If you praise children only when they’re performing, we shouldn’t be surprised that our communities are filled with stressed out, insecure, highly-competitive, ego-centric, discontent children who don’t know how to sit still and ponder how they can make a difference in the lives of other people. If the only positive affirmation they receive is when they’re turning out high scores, when their names display at the top of the class, or when they edge out a teammate, they’ll crave praise; they’ll look to others for validation, and they’ll see others as competitors instead of teammates in life. They’ll never scratch the surface of their potential, and they’ll never make the vital connection to their intrinsic value.
And when they grow bored of you and your praise no longer feeds their ego, instead of looking inside themselves for their center, they’ll be looking for another person’s nod of approval to fill your shoes. And as adults, we know there will never be a shortage of people who’ll want to grind them out for their purposes.
Parents, leaders, teachers, and coaches, remember that we are guides, not masters. We are to be witnesses, not play-makers. We are mere tools, not the Creator.
In all our effort to develop the children in our care, may we never mistake their performance for their significance. May we never use our powerful positions in their lives to drown out their small and potent voices. May we never ask a child to substitute our approval for their own self worth.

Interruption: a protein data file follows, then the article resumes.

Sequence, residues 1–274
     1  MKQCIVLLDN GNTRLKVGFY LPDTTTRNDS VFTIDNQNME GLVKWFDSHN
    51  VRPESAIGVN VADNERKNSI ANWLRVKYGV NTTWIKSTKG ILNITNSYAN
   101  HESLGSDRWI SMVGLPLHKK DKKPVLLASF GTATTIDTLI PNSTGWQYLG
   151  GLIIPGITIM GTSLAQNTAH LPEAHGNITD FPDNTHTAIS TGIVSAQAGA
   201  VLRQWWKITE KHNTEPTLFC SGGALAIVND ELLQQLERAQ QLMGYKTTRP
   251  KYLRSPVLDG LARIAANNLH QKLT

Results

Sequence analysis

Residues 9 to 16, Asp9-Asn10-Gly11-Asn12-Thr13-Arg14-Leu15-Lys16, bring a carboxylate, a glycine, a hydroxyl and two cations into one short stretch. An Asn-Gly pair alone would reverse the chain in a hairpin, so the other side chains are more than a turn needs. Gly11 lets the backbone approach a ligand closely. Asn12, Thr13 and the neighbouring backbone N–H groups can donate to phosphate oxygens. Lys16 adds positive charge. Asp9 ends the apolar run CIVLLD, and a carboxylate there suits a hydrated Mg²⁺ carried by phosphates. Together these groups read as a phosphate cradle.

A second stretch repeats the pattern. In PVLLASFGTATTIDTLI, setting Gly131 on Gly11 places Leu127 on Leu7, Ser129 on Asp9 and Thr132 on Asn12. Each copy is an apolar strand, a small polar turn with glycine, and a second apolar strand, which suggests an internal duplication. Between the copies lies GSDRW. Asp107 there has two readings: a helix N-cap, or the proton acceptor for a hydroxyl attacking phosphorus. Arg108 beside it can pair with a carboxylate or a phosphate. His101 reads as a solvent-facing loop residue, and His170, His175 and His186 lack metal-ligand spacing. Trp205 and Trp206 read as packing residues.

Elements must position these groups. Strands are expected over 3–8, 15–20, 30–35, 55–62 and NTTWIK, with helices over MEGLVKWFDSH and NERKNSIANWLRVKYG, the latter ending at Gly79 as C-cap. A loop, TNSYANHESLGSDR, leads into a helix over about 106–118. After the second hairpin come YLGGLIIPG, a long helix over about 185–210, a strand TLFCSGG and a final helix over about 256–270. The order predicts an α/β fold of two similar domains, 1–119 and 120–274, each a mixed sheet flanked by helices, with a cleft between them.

If you’re blessed to work with children, be mindful of your proper role in their lives. Our big, adult guidelines for rating performance are far too small to contain the true value of a child, and they’re too young and undeveloped to see the difference on their own. Teach these young souls to enjoy the journey of learning and growing, not the destination of their scores. Teach them that school and sports and music and art are about sharing our gifts and talents with the world, not boosting our egos and enlarging our kingdoms.
Because when these beautiful children get older, we’ll want them to look back and know how much we loved them and believed in them, not for how great (or not) their performance, but simply because they were there.